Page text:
MILWAUKEE -- Brewers left fielder Ryan Braun will mostly play for national pride in the World Baseball Classic as a leading member of Team USA.
But there's an added bonus.
"It's so much more fun than Spring Training," he joked.
Braun, never shy about calling for a much shorter spring, will gladly trade a few sleepy days at Maryvale Baseball Park for the drama of the Classic, which returns for a third installment this spring and could feature as many as 14 players from the Brewers' system.
Braun and Brewers catcher Jonathan Lucroy were formally named to Team USA's provisional roster on Thursday morning. The rest of the field was revealed later in the day, and it included starting pitchers Yovani Gallardo and Marco Estrada for Mexico, catcher Martin Maldonado and starter Hiram Burgos for Puerto Rico, center fielder Carlos Gomez for the Dominican Republic, infielder Jeff Bianchi for Italy, infielder Hainley Statia for the Netherlands, infielder Mike Walker for Australia plus four players from Canada: Relievers John Axford and Jim Henderson, infielder Taylor Green and outfielder Rene Tosoni.
Maldonado expressed his excitement via Twitter.
Eleven of the Brewers' participants (all but Statia, Tosoni and Walker) are on Milwaukee's 40-man roster and will take leave from big league camp to play in the Classic. Braun, Gallardo, Gomez and Lucroy are all projected for the team's Opening Day lineup, Axford is the Brewers' closer and Henderson is pegged as the team's primary setup man.
The good news is that Milwaukee's highest-profile participants will not have to travel very far. The Americans, Canadians, Italians and Mexicans make up Pool D and will play a round-robin format at Salt River Fields at Talking Stick in Scottsdale, Ariz., and at Chase Field in downtown Phoenix. Axford and his Canadian countrymen will actually play against the Brewers in a March 5 exhibition at Maryvale.
Then, it's on to the tournament. Italy and Mexico kick off Pool D play on March 7. Italy then takes on Canada, and Mexico draws the U.S. on March 8.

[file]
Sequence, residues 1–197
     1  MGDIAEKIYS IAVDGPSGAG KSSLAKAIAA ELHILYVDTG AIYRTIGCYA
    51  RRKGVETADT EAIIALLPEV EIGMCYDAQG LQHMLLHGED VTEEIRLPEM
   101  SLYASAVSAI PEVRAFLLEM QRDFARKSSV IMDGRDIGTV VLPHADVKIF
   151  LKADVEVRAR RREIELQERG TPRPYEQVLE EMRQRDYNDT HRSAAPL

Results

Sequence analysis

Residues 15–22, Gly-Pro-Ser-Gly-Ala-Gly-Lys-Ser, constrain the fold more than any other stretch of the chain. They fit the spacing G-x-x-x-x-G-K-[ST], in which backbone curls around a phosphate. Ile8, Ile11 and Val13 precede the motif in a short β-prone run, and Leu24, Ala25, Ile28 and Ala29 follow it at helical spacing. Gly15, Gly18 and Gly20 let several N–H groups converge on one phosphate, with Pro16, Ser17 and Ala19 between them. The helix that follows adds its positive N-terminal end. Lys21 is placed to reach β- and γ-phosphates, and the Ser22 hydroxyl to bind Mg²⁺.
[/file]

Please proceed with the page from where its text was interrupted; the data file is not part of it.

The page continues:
Meanwhile, back at Maryvale, the rest of the Brewers will be in their second week of relatively sleepy Spring Training games.
"It's definitely a different challenge," said Braun, who also played in the '09 Classic. "I think it's advantageous to me to know what I'm getting myself into and have a better idea of how I need to prepare myself to play nine innings right away and to play some very meaningful baseball games. It's a lot different than it would be preparing for a regular Spring Training. I've already done it once."
Does he worry at all about extending the season so dramatically?
"No, I don't think so," Braun said. "With the format, you don't play that many games. You do play more innings than usual for that time of year, and they're far more intense. But at least last time I played, it was spread out enough that there was some downtime.
"If anything, I think it could be an advantage to help prepare for the season. A lot of times, Spring Training can be boring and monotonous. Playing [in the Classic] can give you a head start on the season."
Braun surmised that position players are less affected by the accelerated schedule than starting pitchers, who are guarded from overuse in the Classic by pitch-count rules that have been modified for this year's event. Starters are limited to 65 pitches in pool play, 80 pitches in the second round and 95 pitches in the semifinals and finals at AT&T Park in San Francisco.
So Brewers officials will have a close eye on their starters in the tournament. Gallardo is the team's unquestioned No. 1, and Estrada has the inside track on one of the remaining four openings. Burgos, the Brewers' 2012 Minor League pitcher of the year, is probably headed to Triple-A Nashville to serve as insurance against an injury during the season.